Southern regions see largest house price falls – 8 areas impacted most

While affordability pressures bite, annual house price growth in the UK has come to a “virtual standstill” and unsurprisingly, regions in the south have been impacted the most.

Scotland has seen the largest upward trend with a 1.7 percent growth rate, contrary to the East of England and London, which have seen prices drop by one percent according to Zoopla’s July 2023 House Price Index.

Richard Donnell, executive director of research at Zoopla said: “There’s been a rapid slowdown in house price inflation over the last year, down to weaker demand, more price-sensitive buyers and fewer sales.

“Annual UK house price growth of 0.1 percent is a virtual standstill. This is the lowest annual growth rate for 11 years, since August 2012.”

Mr Donnell added: “There is a clear north-south divide in house price inflation. Every region in the South of England has seen house prices fall by up to -1 percent in the last year.”

READ MORE: Pensioner forced out of retirement to clean houses after mortgage rose by £1,277

Regionally, the research showed the East of England and London faced the largest house price falls of one percent, whilst house prices in Wales, the South West, and the South East fell by 0.5 percent, 0.8 percent and 0.9 percent respectively.

City and town-wise, house prices in Aberdeen dropped the most, decreasing by 1.6 percent, followed by Bournemouth, Cambridge and Portsmouth, with each area seeing prices fall by 1.3 percent, 1.2 percent, and one percent respectively.

According to Zoopla’s index, the areas to see the largest drop in house prices in the last year include:

  1. Bristol -0.3 percent
  2. Oxford -0.3 percent
  3. Belfast -0.5 percent
  4. Southampton -0.8 percent
  5. Portsmouth -1 percent
  6. Cambridge -1.2 percent
  7. Bournemouth -1.3 percent
  8. Aberdeen -1.6 percent

Don’t miss…
Mortgage misery forces widow to sell home and continue working into retirement[INSIGHT]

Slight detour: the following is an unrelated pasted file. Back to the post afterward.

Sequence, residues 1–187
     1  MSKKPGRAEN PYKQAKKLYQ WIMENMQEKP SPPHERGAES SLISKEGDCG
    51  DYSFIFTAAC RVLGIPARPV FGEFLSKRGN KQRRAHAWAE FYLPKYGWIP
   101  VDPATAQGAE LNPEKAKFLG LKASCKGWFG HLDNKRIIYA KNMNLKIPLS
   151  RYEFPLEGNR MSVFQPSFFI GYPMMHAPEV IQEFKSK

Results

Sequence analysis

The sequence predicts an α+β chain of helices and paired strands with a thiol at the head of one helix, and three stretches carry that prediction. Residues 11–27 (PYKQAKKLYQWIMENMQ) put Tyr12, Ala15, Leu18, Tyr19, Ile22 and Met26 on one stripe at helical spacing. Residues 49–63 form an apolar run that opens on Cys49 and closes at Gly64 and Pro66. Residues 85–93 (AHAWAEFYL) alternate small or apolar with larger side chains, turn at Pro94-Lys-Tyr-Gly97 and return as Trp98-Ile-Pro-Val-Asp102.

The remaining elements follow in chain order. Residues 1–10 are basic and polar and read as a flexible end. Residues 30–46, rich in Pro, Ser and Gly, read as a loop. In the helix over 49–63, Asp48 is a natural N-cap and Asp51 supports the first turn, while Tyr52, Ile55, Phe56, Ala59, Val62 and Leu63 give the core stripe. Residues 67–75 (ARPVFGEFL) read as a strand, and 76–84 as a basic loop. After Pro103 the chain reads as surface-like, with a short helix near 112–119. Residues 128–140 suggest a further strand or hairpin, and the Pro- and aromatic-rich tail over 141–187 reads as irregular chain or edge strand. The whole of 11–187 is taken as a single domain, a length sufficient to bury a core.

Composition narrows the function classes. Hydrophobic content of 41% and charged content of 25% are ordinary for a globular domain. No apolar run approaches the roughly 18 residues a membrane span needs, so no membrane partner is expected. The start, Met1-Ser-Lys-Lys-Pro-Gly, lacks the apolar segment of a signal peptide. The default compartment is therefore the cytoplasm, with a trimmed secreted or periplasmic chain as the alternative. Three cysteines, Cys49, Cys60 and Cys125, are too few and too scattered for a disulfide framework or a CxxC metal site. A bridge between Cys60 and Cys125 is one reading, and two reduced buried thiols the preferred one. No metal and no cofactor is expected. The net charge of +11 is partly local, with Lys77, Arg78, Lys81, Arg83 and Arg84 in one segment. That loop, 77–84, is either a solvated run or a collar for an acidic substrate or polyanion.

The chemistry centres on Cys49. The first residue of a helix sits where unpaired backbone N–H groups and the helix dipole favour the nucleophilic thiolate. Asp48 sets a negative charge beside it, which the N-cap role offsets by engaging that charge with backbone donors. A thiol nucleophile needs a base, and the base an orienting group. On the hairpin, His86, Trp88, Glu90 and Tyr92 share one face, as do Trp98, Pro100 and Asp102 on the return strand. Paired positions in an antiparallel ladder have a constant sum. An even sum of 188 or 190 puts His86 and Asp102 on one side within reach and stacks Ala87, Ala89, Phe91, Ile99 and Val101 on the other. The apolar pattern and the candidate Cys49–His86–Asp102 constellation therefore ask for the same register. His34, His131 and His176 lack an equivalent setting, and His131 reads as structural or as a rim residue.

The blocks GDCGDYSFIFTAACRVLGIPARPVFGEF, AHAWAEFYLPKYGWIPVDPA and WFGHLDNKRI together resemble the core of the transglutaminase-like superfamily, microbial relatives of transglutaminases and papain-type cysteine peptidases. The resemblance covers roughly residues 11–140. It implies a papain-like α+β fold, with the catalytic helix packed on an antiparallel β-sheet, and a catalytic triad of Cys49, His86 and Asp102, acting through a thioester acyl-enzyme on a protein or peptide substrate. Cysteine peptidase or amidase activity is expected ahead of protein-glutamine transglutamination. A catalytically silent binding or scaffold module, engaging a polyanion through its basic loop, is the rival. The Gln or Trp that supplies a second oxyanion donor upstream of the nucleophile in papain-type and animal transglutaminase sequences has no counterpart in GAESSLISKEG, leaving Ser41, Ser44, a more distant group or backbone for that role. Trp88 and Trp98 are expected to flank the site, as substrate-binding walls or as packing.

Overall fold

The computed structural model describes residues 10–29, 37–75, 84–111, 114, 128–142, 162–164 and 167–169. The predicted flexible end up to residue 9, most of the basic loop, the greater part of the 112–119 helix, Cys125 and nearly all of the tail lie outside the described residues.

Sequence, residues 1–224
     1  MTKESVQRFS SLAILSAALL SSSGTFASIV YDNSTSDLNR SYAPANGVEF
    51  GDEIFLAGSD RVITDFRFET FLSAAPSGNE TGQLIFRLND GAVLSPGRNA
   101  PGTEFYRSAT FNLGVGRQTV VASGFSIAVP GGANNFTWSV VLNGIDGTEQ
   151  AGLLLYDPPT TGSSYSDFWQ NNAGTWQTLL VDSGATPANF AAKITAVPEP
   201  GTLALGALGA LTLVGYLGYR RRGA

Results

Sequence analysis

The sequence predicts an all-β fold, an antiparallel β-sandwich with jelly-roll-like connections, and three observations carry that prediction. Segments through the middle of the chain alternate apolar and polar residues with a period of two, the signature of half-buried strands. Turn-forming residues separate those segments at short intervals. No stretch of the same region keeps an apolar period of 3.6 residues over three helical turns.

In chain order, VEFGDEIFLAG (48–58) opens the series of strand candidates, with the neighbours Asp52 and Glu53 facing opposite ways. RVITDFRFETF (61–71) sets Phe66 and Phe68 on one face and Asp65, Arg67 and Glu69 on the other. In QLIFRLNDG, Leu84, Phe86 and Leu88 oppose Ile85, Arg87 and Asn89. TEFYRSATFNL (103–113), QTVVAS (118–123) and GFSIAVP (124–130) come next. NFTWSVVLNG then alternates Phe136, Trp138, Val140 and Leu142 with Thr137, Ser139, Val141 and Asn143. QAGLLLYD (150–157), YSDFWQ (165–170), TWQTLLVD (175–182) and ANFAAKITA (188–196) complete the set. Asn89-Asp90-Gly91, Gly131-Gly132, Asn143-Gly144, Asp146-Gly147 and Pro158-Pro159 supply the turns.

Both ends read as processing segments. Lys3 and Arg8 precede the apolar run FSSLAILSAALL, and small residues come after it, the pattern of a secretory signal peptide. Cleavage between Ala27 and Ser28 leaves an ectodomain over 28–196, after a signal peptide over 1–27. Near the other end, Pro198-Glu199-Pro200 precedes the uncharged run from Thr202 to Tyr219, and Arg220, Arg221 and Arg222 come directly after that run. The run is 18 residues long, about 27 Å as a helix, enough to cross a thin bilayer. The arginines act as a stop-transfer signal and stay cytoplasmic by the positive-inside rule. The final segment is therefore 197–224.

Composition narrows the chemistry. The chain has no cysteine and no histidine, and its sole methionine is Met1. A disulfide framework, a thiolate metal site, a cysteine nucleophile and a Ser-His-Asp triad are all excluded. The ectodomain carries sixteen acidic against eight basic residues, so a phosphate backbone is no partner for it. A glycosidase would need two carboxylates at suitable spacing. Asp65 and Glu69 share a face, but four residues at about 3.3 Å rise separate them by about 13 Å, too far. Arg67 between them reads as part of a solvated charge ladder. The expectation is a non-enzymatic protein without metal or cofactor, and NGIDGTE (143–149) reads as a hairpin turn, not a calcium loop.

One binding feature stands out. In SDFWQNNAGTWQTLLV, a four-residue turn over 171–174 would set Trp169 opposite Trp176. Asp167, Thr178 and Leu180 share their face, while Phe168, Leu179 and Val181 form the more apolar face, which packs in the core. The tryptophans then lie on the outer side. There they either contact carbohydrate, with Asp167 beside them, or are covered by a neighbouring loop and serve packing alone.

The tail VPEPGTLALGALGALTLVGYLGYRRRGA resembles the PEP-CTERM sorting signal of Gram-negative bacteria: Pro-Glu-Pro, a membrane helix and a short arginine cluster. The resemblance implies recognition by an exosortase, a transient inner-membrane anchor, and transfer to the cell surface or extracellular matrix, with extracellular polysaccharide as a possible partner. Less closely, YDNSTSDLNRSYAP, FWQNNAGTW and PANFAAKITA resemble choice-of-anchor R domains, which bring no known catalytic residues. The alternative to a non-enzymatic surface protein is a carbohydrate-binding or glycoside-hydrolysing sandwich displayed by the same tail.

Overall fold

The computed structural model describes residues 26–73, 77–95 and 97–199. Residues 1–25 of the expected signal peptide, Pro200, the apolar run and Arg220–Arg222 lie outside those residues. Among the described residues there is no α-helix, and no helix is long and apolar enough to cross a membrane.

Interest-only mortgages could worsen crisis of retirees scraping for repayments[ANALYSIS]
Mortgage success: when porting could be the answer – The Crusader[EXPLAINED]

Mr Donnell said: “All other regions and countries of the UK are posting low single-digit house price growth. Scotland is seeing the highest house price growth of 1.7 percent.

“This pattern reflects the greater impact of higher mortgage rates on higher-value housing markets. Buyers in the South of England need bigger mortgages and deposits as well as higher incomes.”

Consequently, Mr Donnell said this “prices more buyers out of the market” in the south, which weakens demand and pushes prices down.

What could happen next?

Looking ahead, Mr Donnell forecasts the number of property sales to “recover well” in the coming two to three years, but price growth will continue to plateau.

We use your sign-up to provide content in ways you’ve consented to and to improve our understanding of you. This may include adverts from us and 3rd parties based on our understanding. You can unsubscribe at any time. More info

He said: “More flexible working, demographic trends from an ageing population, the strong labour market and high immigration will all encourage people to move house.

“In terms of mortgage rates, they’re starting to drift lower and we expect them to fall below 5 percent later this year. But it’ll be a drawn-out process, relying on financial markets to evaluate how high-interest rates need to be to bring inflation under control.”

However, any falls in mortgage rates are “unlikely” to impact the market and improve affordability further until at least the first half of 2024.

Mr Donnell said: “This is why we’re less optimistic about house price growth, which looks set to stay within the plus two percent to minus two percent range for the foreseeable future.”

Source: Read Full Article